Microsoft has quietly told customers that it will stop participating in the online support forums devoted to consumer questions about Windows 7 and a host of other products.
The announcement, which Redmond posted over the weekend to several of the affected support forums, said the change would take place next month.
"Effective July 2018, the Microsoft Community forums listed below will shift support scope and Microsoft staff will no longer provide technical support there," the identical messages stated. "There will be no proactive reviews, monitoring, answering or answer marking of questions."
Along with Windows 7, the other products covered by the mandate include Windows 8.1 and Windows 8.1 RT, Office 2010 and Office 2013, the Security Essentials anti-virus program and the early Surface and Surface Pro 2-in-1 devices.
In some of the messages, Microsoft asserted that the stoppage impacts "products that reached end of support," even though software such as Windows 7 and 8.1 have years left before they're officially retired.
The discussion forums, which are under umbrella site dubbed "Microsoft Community" located at the URL answers.microsoft.com, primarily consist of peer-to-peer questions and questions. But Microsoft employees do post in the threads, providing clarifications, solutions to problems, and in some cases, mea culpas for screw-ups.
The Microsoft commentary, considered the "official" line from the company on the subject under discussion, is what will be dropped in July.
Other forms of support, including security updates, will continue until the vendor's schedule - called the support lifecycle - says the affected products end their run. Support lifecycle dates for Microsoft products can be found by searching this database.
And as Susan Bradley pointed out, the TechNet collection of business-oriented support discussion forums will remain unchanged. "Keep in mind that the focus of the answers.microsoft.com venue is consumer, not business," Bradley wrote in an email reply to a request for comment. "Business posters should still go over to the TechNet forums."
Bradley is known in Windows circles for her expertise on Microsoft's patching processes: She wrote for years on the topic for the Windows Secrets newsletter and moderates the PatchMangement.org mailing list, where IT administrators discuss tradecraft.
Her "Patch Watching" column now appears on AskWoody, the site where Computerworld columnist Woody Leonard holds court on updating Windows and Office.
The withdrawal from the support forums took Bradley by surprise. "I had an 'Uh, hang on. Windows 7 is still supported until 2020, so what gives?' moment this weekend," she said upon seeing the announcement.
Her take on the reason for the change?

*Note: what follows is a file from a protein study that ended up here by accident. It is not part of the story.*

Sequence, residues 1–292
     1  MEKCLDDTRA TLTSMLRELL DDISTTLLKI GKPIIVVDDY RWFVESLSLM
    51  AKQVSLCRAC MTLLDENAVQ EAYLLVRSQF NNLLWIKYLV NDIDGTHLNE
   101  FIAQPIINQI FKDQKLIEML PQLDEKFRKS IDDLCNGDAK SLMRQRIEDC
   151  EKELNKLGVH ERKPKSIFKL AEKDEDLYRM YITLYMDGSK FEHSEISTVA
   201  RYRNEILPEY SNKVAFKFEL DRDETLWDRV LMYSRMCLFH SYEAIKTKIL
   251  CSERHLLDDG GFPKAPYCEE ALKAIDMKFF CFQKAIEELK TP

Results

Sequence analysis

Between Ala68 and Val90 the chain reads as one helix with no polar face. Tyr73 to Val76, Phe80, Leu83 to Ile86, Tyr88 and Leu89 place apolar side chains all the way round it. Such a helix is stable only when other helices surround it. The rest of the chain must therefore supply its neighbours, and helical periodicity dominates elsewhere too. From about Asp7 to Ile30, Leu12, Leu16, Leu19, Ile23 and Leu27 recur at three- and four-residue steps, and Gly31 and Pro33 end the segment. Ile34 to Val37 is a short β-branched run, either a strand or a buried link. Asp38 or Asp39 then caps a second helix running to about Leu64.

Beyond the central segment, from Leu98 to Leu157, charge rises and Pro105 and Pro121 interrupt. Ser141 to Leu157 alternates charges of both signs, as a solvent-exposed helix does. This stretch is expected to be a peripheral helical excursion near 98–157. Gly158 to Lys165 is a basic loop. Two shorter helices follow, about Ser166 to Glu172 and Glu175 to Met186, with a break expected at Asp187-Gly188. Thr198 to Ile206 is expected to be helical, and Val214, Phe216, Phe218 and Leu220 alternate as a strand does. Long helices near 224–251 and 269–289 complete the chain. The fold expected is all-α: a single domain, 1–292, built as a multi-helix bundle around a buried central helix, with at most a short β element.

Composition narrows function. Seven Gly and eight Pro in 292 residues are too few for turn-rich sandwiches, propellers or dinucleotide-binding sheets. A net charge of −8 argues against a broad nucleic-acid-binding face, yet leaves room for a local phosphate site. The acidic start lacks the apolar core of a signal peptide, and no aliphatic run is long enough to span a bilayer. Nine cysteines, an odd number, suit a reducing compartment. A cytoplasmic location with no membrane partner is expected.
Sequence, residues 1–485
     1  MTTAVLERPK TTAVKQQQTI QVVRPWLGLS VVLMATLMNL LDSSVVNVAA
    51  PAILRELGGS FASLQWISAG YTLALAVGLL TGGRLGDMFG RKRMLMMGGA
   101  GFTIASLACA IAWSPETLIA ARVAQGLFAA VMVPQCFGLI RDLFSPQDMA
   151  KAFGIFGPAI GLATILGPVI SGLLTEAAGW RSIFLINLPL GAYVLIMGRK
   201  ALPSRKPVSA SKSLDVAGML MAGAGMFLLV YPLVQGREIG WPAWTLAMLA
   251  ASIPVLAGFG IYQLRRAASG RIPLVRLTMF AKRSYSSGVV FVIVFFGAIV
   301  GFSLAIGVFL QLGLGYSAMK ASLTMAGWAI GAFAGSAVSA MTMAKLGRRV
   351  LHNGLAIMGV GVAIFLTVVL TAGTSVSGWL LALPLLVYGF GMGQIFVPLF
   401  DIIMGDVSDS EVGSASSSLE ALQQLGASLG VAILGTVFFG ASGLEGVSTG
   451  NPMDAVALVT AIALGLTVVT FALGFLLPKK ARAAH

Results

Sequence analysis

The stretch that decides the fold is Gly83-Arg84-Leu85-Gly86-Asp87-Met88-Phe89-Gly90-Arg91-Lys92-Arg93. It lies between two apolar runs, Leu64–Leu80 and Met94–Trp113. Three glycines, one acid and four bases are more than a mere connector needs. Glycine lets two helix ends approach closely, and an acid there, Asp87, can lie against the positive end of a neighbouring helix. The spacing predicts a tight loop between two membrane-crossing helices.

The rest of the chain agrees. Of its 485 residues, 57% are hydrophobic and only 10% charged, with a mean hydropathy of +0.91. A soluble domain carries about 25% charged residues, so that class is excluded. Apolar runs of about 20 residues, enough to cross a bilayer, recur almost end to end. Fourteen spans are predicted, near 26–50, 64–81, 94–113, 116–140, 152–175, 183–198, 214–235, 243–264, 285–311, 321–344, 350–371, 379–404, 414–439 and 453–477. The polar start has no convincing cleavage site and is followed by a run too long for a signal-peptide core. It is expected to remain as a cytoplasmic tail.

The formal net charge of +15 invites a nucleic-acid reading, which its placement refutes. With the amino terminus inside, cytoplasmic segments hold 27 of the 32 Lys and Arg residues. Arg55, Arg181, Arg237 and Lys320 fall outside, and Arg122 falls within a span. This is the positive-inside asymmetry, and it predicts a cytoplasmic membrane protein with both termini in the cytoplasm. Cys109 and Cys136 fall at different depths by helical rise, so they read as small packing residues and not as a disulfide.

"Remember that Microsoft's fiscal year end was June 30. So, I see this as a reallocation of resources," Bradley said. "As a bean counter, I understand the decision. [But] as a person still with Windows 7 [PCs] under my control, it doesn't reflect the reality of the use of the product."
Others saw different motivations behind the change. Chris Goettl, director of product management for security at Ivanti, suggested that it is another in a long series of moves to make older versions of Windows and Office less attractive, and so spur customers to adopt Windows 10, Office 365 and other newer software.
"It's less than subtle," Goettl said in an interview, speaking of the latest in the campaign.
Goettl added that the pull-back is a hint that Microsoft has no intention of giving an inch on Windows 7 support, which is set to expire 14 January 2020.
"For real, they're saying they won't extend support past 2020," Goettl said. "They're telling everyone 'this is happening' and that customers shouldn't hold out hope that they're playing chicken."
Even though Microsoft did not bow to pressure four years ago to extend the support deadline for Windows XP, some continue to believe that it might, when Windows 7's time is up, if large numbers of customers are still running the 2009 operating system. "They're not bluffing," Goettl asserted, citing this move as the latest proof.
Neither Bradley nor Goettl believed that Microsoft would follow up by also walking away from the discussion forums on TechNet, the portal for IT administrators. "I'd be surprised," said Goettl. "Those [people] are the real customers."
But Microsoft's economising will affect corporate customers, even though individuals pose the bulk of questions as well as provide answers on the affected forums.
"The only concern I have is the feedback loop after Patch Tuesday," admitted Bradley. "I still see trending issues start in the consumer venues, so my concern is that a patching issue will occur, and it will not be identified as quickly."